Juvenile arthritis affects nearly 300,000 children in the United States! Today is the first ever World Juvenile Arthritis Day and we are raising awareness of this disease that affects just not the child, but often throws an entire family into crisis.
Find a JA camp at: https://www.arthritis.org/get-involved/juvenile-arthritis-camps/
Donate to the arthritis foundation here: https://events.arthritis.org/index.cfm?fuseaction=donorDrive.team&teamID=13744&fbclid=IwAR131X_0YiU6KFTL9OwcmEm9qwDYdDvHaa-p4OwhxUakQSn9PwtOpbBf6-c
or here https://www.arthritis.org/giving/donate.php
Email us at: email@example.com, firstname.lastname@example.org, and email@example.com
Join us as we take a closer look: bit.ly/2TI4QCM
What is Juvenile Arthritis?
Juvenile arthritis (JA) is not a disease in itself. Also known as a pediatric rheumatic disease, JA is an umbrella term used to describe the many autoimmune and inflammatory conditions or pediatric rheumatic diseases that can develop in children under the age of 16. Juvenile arthritis affects nearly 300,000 children in the United States.
Although the various types of juvenile arthritis share many common symptoms, like pain, joint swelling, redness and warmth, each type of JA is distinct and has its own special concerns and symptoms. Some types of juvenile arthritis affect the musculoskeletal system, but joint symptoms may be minor or nonexistent. Juvenile arthritis can also involve the eyes, skin, muscles and gastrointestinal tract.
Types of Juvenile Arthritis
Juvenile idiopathic arthritis (JIA). Considered the most common form of arthritis, JIA includes six subtypes. Juvenile lupus, Juvenile scleroderma, Fibromyalgia
Juvenile Arthritis Causes
No known cause has been pinpointed for most forms of juvenile arthritis, nor is there evidence to suggest that toxins, foods or allergies cause children to develop JA. Some research points toward a genetic predisposition to juvenile arthritis, which means the combination of genes a child receives from his or her parents may cause the onset of JA when triggered by other factors.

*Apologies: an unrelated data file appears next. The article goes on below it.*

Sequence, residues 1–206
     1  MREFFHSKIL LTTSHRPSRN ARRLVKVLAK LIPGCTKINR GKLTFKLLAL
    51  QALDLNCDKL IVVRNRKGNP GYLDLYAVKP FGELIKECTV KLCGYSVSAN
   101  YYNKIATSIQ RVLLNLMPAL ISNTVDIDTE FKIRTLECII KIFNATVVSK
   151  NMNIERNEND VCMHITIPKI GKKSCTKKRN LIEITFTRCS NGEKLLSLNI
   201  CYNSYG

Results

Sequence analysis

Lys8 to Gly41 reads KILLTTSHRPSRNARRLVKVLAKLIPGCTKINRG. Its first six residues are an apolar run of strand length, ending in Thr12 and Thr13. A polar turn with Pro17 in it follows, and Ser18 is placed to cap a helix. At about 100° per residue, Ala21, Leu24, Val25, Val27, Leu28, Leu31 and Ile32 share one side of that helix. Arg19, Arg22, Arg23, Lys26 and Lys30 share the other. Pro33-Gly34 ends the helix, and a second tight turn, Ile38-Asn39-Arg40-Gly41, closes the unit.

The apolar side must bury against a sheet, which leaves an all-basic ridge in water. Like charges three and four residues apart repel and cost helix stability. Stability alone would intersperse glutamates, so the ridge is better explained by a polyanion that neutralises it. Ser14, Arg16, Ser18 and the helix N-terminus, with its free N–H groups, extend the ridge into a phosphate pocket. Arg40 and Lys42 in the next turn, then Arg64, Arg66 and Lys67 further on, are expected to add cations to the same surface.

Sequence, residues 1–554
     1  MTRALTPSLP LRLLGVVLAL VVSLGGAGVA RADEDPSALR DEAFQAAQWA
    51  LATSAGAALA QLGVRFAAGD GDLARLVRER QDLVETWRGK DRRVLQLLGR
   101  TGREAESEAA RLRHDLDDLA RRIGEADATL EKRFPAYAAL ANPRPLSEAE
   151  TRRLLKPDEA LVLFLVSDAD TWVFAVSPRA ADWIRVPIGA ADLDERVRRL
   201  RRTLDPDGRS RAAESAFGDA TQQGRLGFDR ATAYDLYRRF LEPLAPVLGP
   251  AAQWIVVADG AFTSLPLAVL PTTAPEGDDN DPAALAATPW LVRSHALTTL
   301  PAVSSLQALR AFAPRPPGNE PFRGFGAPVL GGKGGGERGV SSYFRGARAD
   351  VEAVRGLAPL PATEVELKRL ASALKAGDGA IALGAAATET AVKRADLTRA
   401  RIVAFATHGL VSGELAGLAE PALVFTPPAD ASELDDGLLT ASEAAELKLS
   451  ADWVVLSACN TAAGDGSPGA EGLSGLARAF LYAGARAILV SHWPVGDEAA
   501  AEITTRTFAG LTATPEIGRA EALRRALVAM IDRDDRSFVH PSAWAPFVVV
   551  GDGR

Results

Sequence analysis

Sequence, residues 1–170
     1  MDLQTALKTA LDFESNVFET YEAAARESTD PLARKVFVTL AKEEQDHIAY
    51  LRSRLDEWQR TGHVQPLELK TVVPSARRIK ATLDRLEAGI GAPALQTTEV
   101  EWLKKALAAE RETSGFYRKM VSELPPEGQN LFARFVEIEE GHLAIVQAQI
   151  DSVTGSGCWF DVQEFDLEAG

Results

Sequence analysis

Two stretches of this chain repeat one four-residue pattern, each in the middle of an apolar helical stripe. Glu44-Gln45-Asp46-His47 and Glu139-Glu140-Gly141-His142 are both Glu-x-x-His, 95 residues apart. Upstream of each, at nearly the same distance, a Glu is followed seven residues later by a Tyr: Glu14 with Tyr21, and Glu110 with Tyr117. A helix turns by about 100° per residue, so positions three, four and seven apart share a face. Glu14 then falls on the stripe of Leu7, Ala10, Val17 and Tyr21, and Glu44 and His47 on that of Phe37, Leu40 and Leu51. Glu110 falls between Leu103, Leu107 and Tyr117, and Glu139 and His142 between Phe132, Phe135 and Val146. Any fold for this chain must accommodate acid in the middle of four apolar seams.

Juvenile Arthritis Symptoms
You can read more specifics about the diseases by visiting the Arthritis Foundation’s website dedicated to pediatric rheumatic diseases, KidsGetArthritisToo.
Juvenile Arthritis Diagnosis
The most important step in properly treating juvenile arthritis is getting an accurate diagnosis. The diagnostic process can be long and detailed. There is no single blood test that confirms any type of JA. In children, the key to diagnosis is a careful physical exam, along with a thorough medical history. Any specific tests a doctor may perform will depend upon the type of JA suspected.
Juvenile Arthritis Treatment
Unfortunately, there is no cure for juvenile arthritis, although with early diagnosis and aggressive treatment, remission is possible. The goal of treatment is to relieve inflammation, control pain and improve the child’s quality of life. Most treatment plans involve a combination of medication, physical activity, eye care and healthy eating.
Juvenile Arthritis Self Care
An important part of JA treatment is teaching the child the importance of how to follow the treatment prescribed by the healthcare team. Self care also involves helping the child address the emotional and social effects of the disease. Self management encompasses the choices made each day to live well and stay healthy and happy.
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Section 4: Juvenile Arthritis: https://www.arthritis.org/Documents/Sections/About-Arthritis/arthritis-facts-stats-figures.pdf
Address Shortage of Pediatric Rheumatologists: https://www.arthritis.org/advocate/our-policy-priorities/access-to-care/increase-access-to-pediatric-rheumatologists/
6 facts about Juvenile Idiopathic Arthritis: https://www.thechildren.com/health-info/conditions-and-illnesses/6-facts-about-juvenile-idiopathic-arthritis
Juvenile rheumatoid arthritis (juvenile idiopathic arthritis, juvenile chronic arthritis): https://www.myvmc.com/diseases/juvenile-rheumatoid-arthritis-juvenile-idiopathic-arthritis-juvenile-chronic-arthritis/